WRITTEN BY PHILLIP SILVERSTONE
I had my regular lineup of sparkling wines over the season of goodwill to all wineries and, as I enjoyed my usual suspects, I sauntered into virgin territory for my taste buds and popped open a bottle of Evolution Sparkling Wine ($24.99). It’s not the most exciting label I’ve ever seen but who drinks labels on Dec. 31 — we drink to the occasion. And this wine is quite unique as it packs as many grape varieties into its blend as New York packs revelers into Times Square: Muller-Thurgau, Riesling, Semillón, Pinot Gris, Gewürztraminer, Muscat Blanc, Chardonnay, Pinot Blanc and Sylvaner.
This sparkler is made in the Champagne method, so it’s a class act and the winery suggests that we pair it with chicken nuggets or chicken cordon bleu, with fish sticks or cedar plank salmon, with double-cheese nachos or double cream Brie. In other words its made to be enjoyed anytime and anywhere and I can confess that this nifty quaffer floated my boat very calmly with its hint of summer fruit flavors, a drizzling of the creaminess from the Chardonnay and a very fresh and lively finish.
On to Chardonnay
I’m constantly refusing to sample Chardonnay because I’m bored to tears with its predictable, “let’s please the party crowd” stylings. But I decided to open the sample of Hanna 2012 Chardonnay ($24.99) that arrived on my doorstep, especially since the winery’s picking process sounds quite clandestine and covert. They report that the grapes were hand harvested at night using tractors fitted with lights. The cold fruit was picked into half-ton bins and hauled the short distance to the winery in the morning. It almost sounds illegal and sinister but it isn’t. It simply means that the winery goes to a lot of trouble to capture the grapes’ freshness and carefully manage its fragility. The price tag reflects this nocturnal labor of love and call me a romantic, call me a sucker for some compelling public relations, but I honestly believed that the nectar in my glass was many notches above anything produced from the Chardonnay grape that has passed my lips in many a month.
There is a welcome richness to this wine, which fills your mouth with my constant companion, Granny Smith (of apple fame) and other treats. The rich flavor comes from the generous number of months the wine spent resting in French oak barrels.
Here’s a look at three others:
Markham Vineyards Cellar 1879 Blend ($26.99) is an interesting concept. Markham selects different vintages and grape varietals to produce this blend each year. So, it’s not the type of wine you dismiss by saying you’ve already tried it. If you enjoy the structure and the style of the wine, then it’s similar to enjoying the cooking of a particular chef, and each season sampling his or her new menu. The current blend on the shelf is from the 2012 vintage and includes: Cabernet Sauvignon, Merlot, Petit Verdot, Petite SIrah and Zinfandel. Wow! The flavor is precisely what you would expect from these big-hitting grape varieties. A smokey, chocolatey, spicy, ripe fruit cacophony of deliciousness.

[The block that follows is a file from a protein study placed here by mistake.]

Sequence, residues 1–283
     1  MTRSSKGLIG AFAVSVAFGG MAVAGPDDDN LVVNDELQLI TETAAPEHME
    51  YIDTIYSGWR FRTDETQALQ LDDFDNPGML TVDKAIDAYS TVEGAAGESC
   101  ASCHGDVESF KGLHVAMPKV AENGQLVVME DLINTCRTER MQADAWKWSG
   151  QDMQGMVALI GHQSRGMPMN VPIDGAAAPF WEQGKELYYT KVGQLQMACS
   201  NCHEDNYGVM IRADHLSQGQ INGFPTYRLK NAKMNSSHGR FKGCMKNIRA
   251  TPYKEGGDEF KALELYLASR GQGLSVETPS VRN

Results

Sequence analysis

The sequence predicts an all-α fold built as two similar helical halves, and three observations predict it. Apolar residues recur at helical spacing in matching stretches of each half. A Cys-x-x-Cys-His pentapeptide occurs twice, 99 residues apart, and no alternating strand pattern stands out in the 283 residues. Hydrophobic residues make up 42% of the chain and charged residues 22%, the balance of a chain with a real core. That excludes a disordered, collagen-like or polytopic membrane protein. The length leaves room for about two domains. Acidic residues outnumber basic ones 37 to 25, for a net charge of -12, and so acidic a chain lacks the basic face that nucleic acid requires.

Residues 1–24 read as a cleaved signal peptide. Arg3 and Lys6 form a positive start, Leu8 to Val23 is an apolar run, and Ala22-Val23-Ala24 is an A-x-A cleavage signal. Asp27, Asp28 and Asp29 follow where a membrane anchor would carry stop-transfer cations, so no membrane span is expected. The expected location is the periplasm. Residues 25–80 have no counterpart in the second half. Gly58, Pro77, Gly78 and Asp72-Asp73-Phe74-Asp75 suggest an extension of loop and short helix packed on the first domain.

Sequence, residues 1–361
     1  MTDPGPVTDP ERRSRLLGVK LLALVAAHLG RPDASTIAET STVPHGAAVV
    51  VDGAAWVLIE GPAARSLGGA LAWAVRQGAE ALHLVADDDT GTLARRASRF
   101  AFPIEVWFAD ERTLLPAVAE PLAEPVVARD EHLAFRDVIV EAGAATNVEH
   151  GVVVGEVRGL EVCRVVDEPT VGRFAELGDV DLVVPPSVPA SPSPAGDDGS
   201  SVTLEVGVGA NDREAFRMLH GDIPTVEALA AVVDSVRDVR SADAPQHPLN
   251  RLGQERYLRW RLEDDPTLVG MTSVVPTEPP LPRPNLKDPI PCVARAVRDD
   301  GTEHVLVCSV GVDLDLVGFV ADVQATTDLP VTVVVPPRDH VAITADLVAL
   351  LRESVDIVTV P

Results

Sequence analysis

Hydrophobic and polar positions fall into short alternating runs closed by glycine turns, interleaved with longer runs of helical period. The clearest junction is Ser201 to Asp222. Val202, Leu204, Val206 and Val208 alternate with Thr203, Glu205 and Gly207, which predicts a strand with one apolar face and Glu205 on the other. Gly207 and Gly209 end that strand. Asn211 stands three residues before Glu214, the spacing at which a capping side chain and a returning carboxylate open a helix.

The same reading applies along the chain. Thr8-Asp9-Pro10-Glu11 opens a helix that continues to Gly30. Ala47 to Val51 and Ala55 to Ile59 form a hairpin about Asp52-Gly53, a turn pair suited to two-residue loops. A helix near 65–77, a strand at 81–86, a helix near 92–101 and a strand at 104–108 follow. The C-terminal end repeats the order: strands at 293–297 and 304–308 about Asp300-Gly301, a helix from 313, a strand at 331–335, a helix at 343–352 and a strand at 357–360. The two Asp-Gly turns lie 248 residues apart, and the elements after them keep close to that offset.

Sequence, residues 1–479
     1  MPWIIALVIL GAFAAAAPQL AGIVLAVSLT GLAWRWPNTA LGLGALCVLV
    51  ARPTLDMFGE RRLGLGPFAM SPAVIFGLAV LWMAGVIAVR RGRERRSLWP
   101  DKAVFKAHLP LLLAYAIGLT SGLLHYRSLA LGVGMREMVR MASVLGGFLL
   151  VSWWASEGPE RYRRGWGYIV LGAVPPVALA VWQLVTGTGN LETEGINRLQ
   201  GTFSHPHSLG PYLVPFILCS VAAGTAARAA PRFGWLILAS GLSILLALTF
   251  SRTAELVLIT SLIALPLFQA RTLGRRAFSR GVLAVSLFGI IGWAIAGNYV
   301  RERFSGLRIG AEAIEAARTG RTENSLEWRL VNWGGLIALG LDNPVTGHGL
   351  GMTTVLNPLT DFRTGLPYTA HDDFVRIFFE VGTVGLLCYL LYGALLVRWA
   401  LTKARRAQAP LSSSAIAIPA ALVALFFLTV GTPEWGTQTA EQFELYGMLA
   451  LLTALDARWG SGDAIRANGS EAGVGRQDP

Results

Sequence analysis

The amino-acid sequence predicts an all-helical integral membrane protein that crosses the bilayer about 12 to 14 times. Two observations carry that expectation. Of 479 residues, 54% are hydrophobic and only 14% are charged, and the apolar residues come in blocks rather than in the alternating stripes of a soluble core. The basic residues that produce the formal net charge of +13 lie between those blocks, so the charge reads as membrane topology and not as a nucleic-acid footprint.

2013 Ravenswood Besieged Red Blend is made in Sonoma County, California. I besiege you (an intended pun) to find this wine. Why? Well (1) because it’s brilliant and (2) because it’s $15.99. The wine was created by one of the greatest winemakers on the planet, Joel Peterson, to warm the cockles of our winter hearts. And so his blend of Petite Sirah, Carignane, Zinfandel, Syrah, Barbera, Alicante Bouschet and Mourvèdre grapes are just what the doctor ordered for these morose, bleak, fiendishly unfriendly months. The dark cherry flavors are ideal partners for winter stews and beefy entrees. It’s one of the most satisfying red wines I’ve tasted since last year’s dour season and I for one will be snuggling up with a bottle or three over the next few months feeling very content indeed.
Abbazia di Novacella Grüner Veltliner 2013 ($19) comes from Italy’s Alto Adige area in northern Italy, a region that is pretty close to Austria and often, as history has proven once or twice, too close for comfort. So it’s not unremarkable to have this grape variety, so common in Austrian wines, making an appearance in an Italian bottle. This very famous winery is located in the last Augustinian Abbey in Italy, and dates back to 1142. I love the Grüner Veltliner grape. It has always been one of my favorites since I began my career, when the world was young, importing German and Austrian wines. The GV is typically dry, with a smidgen of white pepper and it can have some citrus flavors to it. And this Italian bottling has precisely these qualities that I adore in this varietal. No hesitation from me in suggesting you try this very uncommon and splendid Italian wine. Cheers!
Phillip Silverstone’s column appears each week in this publication. “Time Out With Phillip Silverstone” is a weekly two-hour podcast heard exclusively on TuneIn radio anytime and anywhere worldwide either on the free TuneIn app for all smart phones and tablets (Search: Phillip Silverstone) or online on Tunein at: http://bit.ly/1gY2Ht4. “Follow” the show for weekly updates. You can also LIKE Phillip on Facebook: https://www.facebook.com/Phillipsilverstone and follow him on Twitter: @wining